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Spaghetti is associated with Naples and is commonly eaten with Neapolitan ragù: a Neapolitan symbol is folklore figure Pulcinella eating a plate of spaghetti.

Spaghetti is a long, thin, cylindrical pasta of Italian origin. Spaghetti is made of semolina or flour and water. Italian dried spaghetti is made from durum wheat semolina, but outside of Italy it may be made with other kinds of flour. Traditionally spaghetti were 50cm (20in) long, but shorter lengths gained in popularity during the latter half of the 20th century and now spaghetti is most commonly available in 25-30cm (10-12in) lengths. A variety of pasta dishes are based on it, from spaghetti with cheese and pepper or garlic and oil to spaghetti with tomato sauce and meat.

Spaghetti is cooked in a large pot of salted, boiling water (about 5 liters for 2 persons) which is brought to boiling. Then one or two spoons of salt are added and after a minute or so the pasta is added. After 10 to 15 minutes (the timing is most often written on the packaging of sundry brands and thicknesses) the spaghetti is drained of water with a colander (scolapasta in Italian).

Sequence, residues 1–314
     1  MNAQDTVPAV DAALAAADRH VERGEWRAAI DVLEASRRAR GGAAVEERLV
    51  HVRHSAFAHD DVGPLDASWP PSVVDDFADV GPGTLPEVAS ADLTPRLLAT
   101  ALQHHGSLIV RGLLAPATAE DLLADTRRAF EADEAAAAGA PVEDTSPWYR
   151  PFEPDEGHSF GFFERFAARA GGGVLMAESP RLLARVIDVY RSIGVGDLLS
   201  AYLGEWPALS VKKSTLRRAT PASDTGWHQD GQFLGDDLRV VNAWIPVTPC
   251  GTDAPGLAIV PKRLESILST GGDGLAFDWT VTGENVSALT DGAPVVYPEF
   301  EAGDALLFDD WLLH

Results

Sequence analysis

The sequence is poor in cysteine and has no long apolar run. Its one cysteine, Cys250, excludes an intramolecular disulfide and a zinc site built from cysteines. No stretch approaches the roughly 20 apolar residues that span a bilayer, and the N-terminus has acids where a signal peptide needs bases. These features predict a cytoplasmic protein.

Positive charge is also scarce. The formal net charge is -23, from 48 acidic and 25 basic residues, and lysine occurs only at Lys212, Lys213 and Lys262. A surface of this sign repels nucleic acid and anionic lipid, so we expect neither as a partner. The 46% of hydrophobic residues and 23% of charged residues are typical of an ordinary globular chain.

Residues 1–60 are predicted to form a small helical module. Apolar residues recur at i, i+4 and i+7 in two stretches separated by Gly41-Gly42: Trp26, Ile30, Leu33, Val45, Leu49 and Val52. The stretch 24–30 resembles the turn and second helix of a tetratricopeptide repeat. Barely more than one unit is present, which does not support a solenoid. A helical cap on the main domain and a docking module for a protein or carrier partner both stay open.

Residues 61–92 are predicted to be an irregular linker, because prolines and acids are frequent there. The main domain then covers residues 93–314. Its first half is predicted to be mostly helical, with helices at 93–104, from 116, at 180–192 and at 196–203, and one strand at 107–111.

An emblem of Italian cuisine, spaghetti is frequently served with tomato sauce, which may contain various herbs (especially oregano, and basil), olive oil, meat, or vegetables. Other spaghetti preparations include using Bolognese sauce, alfredo and carbonara. Grated hard cheeses, such as Pecorino Romano, Parmesan, and Asiago cheese, are often added.

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Neapolitan cuisine,